Discover the Power of “Stay Interviews” in Retention Strategies

Beverly Kaye and Sharon Jordan-Evans set the gold standard for employee retention best practices in their best-seller Love ’Em or Lose ’Em. Their followup book Hello Stay Interviews, Goodbye Talent Loss focuses on “stay interviews,”which encourage managers to ask their top talent, “What can I do to keep you?” on a regular basis. Although some managers worry that employees will make unreasonable requests or demands, Kaye and Jordan-Evans argue that guessing is too risky, and they encourage managers who can’t immediately give top talent what they want to reiterate how much they value the employee, truthfully explain obstacles or barriers, be willing to advocate for them, and conclude by asking, “What else?” Then, Kaye and Jordan-Evans write, “When you ask the question ‘What else?’ we guarantee there will be at least one thing your talented employee wants that you can give. Remember to listen actively as your employees talk about what will keep them on your team or in your organization.”

Learn How to Challenge and Reward Your Top Talent

Because the most talented employees are often more savvy, creative, self-driven, and energetic, Kaye and Jordan-Evans write in Love ’Em or Lose ’Em, they’re the most likely to experience discontent in their careers. “They need stimulating work, opportunities for personal challenge and growth, and a contributing stake in the organizational action.” When talented employees feel that is no longer the case, they’ll start considering an exit strategy. The best way around this, Kaye and Jordan-Evans explain, is to give top talent flexibility, challenge them to expand knowledge bases and capabilities, and allow them to “job sculpt” by adapting their current position into one that they love.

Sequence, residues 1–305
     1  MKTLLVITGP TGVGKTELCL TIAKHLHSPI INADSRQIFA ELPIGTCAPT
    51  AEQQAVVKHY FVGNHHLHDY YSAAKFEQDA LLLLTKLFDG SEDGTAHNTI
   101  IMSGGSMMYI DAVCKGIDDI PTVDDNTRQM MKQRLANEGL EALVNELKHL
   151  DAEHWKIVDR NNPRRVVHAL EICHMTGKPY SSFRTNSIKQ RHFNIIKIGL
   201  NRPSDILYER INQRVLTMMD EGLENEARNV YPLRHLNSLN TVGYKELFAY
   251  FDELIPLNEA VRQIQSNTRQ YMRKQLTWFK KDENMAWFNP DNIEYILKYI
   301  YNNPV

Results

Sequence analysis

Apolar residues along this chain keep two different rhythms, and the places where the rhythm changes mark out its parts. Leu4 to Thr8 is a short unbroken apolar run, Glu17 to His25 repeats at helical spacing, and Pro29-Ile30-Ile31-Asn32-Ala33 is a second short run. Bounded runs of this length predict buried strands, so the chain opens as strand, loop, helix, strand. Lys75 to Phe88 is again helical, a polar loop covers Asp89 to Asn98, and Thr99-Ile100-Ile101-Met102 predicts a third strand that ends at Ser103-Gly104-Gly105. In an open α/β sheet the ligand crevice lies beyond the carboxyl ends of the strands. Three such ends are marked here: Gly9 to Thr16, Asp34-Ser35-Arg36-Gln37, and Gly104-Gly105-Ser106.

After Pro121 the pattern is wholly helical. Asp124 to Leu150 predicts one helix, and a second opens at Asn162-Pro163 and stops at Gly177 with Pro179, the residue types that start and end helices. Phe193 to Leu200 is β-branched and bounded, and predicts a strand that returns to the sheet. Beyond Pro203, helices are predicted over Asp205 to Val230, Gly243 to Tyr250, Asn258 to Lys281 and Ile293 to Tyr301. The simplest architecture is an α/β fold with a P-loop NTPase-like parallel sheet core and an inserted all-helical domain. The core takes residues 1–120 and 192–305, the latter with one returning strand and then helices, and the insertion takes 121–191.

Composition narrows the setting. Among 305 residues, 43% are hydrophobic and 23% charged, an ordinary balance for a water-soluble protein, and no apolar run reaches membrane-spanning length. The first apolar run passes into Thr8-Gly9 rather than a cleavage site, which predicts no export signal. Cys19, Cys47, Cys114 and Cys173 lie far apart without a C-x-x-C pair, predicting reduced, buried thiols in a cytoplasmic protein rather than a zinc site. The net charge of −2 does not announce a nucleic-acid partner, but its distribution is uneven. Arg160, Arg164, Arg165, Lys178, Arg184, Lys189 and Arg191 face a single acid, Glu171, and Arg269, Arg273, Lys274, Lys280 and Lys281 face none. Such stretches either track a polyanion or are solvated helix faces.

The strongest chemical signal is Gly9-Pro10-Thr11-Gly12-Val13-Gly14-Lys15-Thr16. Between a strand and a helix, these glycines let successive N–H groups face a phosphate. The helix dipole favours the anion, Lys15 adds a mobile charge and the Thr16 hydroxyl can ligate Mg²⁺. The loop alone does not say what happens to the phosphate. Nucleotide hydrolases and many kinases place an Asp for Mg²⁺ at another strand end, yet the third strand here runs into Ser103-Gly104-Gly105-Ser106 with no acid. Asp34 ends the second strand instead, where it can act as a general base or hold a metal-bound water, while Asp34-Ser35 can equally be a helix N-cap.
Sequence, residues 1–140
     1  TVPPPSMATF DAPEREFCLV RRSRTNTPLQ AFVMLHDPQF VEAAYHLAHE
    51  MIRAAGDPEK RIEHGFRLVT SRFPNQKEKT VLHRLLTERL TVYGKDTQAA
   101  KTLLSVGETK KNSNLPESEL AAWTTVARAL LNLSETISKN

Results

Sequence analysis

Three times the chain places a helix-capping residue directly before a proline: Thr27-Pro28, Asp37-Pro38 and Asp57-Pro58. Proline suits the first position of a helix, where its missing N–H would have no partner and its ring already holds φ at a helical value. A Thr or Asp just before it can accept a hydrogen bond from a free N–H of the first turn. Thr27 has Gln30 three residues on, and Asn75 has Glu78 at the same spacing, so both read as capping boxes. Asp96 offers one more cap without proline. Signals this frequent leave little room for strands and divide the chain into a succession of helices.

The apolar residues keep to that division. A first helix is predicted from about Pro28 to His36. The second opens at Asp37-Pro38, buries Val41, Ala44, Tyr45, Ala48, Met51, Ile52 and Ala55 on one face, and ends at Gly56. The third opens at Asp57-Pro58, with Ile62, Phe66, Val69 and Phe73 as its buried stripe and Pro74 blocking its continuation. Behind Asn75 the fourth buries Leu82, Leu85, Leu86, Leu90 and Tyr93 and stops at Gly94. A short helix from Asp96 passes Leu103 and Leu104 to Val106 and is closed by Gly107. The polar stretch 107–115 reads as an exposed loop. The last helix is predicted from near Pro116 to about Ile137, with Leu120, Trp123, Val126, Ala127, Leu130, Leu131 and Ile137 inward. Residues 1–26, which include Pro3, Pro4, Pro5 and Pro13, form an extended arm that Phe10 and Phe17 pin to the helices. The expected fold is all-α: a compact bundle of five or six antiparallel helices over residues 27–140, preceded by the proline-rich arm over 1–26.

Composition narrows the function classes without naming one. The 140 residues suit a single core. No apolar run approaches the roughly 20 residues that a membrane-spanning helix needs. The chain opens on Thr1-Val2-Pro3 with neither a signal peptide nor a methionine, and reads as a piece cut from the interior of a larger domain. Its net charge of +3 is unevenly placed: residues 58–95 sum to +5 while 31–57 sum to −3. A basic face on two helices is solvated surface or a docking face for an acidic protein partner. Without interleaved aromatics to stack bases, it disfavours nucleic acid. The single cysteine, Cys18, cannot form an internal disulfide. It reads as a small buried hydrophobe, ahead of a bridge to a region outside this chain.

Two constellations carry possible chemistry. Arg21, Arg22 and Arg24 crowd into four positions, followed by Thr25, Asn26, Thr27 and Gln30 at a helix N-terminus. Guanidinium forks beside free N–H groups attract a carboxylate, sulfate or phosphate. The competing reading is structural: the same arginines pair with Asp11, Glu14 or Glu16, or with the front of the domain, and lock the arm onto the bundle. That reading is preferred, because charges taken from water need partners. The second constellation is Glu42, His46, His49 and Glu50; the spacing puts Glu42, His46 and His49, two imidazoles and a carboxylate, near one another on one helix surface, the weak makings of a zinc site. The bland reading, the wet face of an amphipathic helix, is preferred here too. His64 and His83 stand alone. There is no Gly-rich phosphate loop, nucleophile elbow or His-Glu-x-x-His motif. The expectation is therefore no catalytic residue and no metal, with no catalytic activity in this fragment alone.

In the end, the most talented employees are often the most difficult ones to retain. They’re highly motivated, they have lofty ambitions, and they have a history of success to propel them forward. Stay interviews allow managers to harness all of that ambition and talent in their current employee—instead of looking for their next one.

The Final Word on Improving Retention Programs

When it comes to improving your retention programs, don’t look for shortcuts. Look for system-wide changes that make your organization work better for its employees, its stakeholders, and its larger community. This means working with leadership and management to implement leadership styles that are proven to foster mutual respect, trust, and purpose. It also means creating an inclusive culture that allows your organization, individual employees, and community to realize the many benefits of diversity. Additionally, closing the gaps in the workplace that lead to departures by focusing on training and workforce development will signal to employees that they’re valued contributors—and it will inspire them to reach higher within your organization. Finally, engaging your top talent in regular “stay interviews” will help you better understand how to challenge, reward, and retain them. In the end, if retention programs aren’t making your organization a better place to work—they’re falling short.